In fact, until I read Alan Moore’s The Killing Joke many years ago, as I started getting interested in Batman, I had no idea the Joker didn’t wear clown makeup. I had been a Marvel kid for most of my life, what did I know about DC’s universe?

However, I’m not going to heap more praise on Ledger’s Joker here. No, I’m going to praise the creepiest Joker. Cesar Romero’s Joker. To my mind, that was the most creepy and scary version. Of all the portrayals of Batman’s archest villain, Romero’s was the most clown-looking one. And that clown look is pretty unsettling.

I’m also taking into account the fact that the Batman TV series in the ’60s was my earliest exposure to Batman and Robin, Batgirl (Yvonne Craig – yum), and all those villains. And being a kid when I first watched that great series, I took it seriously. I didn’t realized the campy take of the show. Adults watching the show caught it and liked it for that. But we kids didn’t pick up on the humor. We believed it!

So, the fact I was a naive kid watching Batman, taking it all so seriously, probably still plays into how creepy I think Romero’s Joker is. There was something about Cesar Romero’s voice and laugh that really felt like lunacy. And I think that Romero’s insistence to not shave his mustache and have the clown white applied right over it also added to the creep factor. Of course, adult fans of the show at the time probably felt the makeup over mustache look just added to the camp factor of the show.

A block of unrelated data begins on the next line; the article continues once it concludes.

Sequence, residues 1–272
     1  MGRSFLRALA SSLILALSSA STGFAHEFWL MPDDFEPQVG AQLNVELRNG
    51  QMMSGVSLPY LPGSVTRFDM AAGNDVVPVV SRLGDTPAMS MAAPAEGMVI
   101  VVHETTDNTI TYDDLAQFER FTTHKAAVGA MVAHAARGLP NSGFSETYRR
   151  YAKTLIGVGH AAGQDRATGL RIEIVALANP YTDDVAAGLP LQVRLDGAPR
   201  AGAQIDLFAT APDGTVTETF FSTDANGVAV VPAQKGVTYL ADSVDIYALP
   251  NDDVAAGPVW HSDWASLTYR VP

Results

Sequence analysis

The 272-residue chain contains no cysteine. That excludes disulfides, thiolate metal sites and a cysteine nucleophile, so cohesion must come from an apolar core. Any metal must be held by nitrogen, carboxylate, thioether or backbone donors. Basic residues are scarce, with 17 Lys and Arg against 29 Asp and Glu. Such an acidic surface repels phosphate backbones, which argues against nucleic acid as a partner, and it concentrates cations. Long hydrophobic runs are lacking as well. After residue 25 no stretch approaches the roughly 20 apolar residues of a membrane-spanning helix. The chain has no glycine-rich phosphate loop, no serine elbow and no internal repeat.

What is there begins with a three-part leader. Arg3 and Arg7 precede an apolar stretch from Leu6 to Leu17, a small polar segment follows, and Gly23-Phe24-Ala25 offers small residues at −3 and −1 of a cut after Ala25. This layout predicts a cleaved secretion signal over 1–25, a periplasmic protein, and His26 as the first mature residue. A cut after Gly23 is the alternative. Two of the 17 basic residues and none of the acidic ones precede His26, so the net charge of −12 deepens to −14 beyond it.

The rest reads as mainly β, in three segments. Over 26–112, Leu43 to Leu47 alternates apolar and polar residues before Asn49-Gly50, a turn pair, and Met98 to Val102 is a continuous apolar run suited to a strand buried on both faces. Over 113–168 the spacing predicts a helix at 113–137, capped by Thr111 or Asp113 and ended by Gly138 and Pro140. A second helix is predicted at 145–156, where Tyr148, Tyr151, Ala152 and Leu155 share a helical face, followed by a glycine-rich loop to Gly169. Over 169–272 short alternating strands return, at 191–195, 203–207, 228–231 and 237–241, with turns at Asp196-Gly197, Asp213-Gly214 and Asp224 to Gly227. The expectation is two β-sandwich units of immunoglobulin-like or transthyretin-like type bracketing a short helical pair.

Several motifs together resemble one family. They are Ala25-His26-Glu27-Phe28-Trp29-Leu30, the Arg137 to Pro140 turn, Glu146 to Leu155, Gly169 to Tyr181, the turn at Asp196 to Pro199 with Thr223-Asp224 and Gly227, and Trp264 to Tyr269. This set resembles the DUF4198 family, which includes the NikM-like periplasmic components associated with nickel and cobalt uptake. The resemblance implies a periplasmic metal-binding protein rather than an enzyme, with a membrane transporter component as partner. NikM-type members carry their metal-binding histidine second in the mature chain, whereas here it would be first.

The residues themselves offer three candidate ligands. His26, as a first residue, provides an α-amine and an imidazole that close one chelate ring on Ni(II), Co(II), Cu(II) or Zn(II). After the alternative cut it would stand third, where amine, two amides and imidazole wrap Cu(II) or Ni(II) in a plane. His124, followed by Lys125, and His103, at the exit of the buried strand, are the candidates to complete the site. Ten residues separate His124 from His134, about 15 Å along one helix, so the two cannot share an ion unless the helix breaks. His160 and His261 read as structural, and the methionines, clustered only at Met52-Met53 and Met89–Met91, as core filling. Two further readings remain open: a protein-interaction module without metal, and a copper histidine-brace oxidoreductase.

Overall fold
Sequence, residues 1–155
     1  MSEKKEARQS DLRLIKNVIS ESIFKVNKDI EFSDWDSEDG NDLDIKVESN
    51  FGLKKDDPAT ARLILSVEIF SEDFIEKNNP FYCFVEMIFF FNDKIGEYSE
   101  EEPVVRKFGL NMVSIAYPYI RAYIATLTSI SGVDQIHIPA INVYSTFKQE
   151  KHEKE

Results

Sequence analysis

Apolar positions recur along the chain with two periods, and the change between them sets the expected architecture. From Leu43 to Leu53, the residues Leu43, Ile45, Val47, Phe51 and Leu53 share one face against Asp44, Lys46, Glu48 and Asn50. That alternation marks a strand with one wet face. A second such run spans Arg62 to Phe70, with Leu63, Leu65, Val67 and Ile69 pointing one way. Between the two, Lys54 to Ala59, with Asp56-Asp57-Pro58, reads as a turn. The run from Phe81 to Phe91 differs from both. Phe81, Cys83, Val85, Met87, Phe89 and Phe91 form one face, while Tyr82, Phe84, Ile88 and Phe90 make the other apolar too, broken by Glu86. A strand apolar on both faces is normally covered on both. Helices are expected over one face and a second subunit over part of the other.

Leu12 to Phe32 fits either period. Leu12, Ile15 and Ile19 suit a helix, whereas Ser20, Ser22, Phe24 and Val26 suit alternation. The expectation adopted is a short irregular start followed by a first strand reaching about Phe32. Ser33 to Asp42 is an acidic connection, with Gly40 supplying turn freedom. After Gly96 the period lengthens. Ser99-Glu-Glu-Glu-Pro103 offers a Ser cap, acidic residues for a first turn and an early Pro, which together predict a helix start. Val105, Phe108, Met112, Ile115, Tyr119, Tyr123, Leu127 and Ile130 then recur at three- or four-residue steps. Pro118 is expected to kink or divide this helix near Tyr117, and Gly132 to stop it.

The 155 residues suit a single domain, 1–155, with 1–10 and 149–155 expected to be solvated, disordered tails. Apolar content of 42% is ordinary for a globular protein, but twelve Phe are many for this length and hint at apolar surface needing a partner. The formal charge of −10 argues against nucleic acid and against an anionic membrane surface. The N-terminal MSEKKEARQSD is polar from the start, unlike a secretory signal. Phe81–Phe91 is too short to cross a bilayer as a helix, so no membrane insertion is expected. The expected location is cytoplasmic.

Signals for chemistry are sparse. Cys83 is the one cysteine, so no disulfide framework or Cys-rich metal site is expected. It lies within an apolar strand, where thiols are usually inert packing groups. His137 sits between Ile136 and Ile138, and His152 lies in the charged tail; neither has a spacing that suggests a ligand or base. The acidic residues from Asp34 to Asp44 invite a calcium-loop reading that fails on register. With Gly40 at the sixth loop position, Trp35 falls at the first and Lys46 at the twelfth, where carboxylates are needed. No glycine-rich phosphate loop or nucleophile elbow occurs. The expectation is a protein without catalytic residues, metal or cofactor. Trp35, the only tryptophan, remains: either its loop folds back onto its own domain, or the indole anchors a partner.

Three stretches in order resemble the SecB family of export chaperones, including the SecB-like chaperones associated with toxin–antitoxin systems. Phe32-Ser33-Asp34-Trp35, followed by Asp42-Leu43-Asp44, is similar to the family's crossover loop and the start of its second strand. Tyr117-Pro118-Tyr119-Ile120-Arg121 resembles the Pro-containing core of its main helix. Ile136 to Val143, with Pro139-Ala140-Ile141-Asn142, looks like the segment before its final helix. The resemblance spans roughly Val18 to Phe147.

Regardless, Ledger may have made the Joker seem real. But the Joker I get skeeved out the most by and still like the most is by the originator: Cesar Romero.

Packing Peanuts!

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Another excellent cover…


In this installment of my monthly look at comic book covers I really like, I’ll be looking at the cover of Fantastic Four #263 (Feb. 1984). The cover was illustrated by one of my favorite comic book artists: John Byrne. When he drew this cover, he had already been both drawing and writing a substantial run of the Fantastic Four series, starting with issue #232.

Bryne was given the task of revamping Marvel Comics‘ signature super-hero family: The Fantastic Four. Some of what he did was to bring the group more in line with their original look. He did away with the super-buff Mister Fantastic and made him thinner, less super-hero, more super scientist. He reworked the look of the Thing, he would even return our ever-lovin’ blue-eyed monster to the lumpy, Jack Kirby original version for a time. The groups’ uniforms no longer appeared painted on, there were folds and creases again as when Kirby designed them.

Byrne even explored the potential of the Invisible Girl. He had her go evil for a time, which seems to be his thing. He was involved with the Dark Phoenix of the X-Men series and her going evil. And he had the Scarlet Witch give into the temptation of evil during his writing and drawing stint on the Avengers. He must really like ELO’s Evil Woman.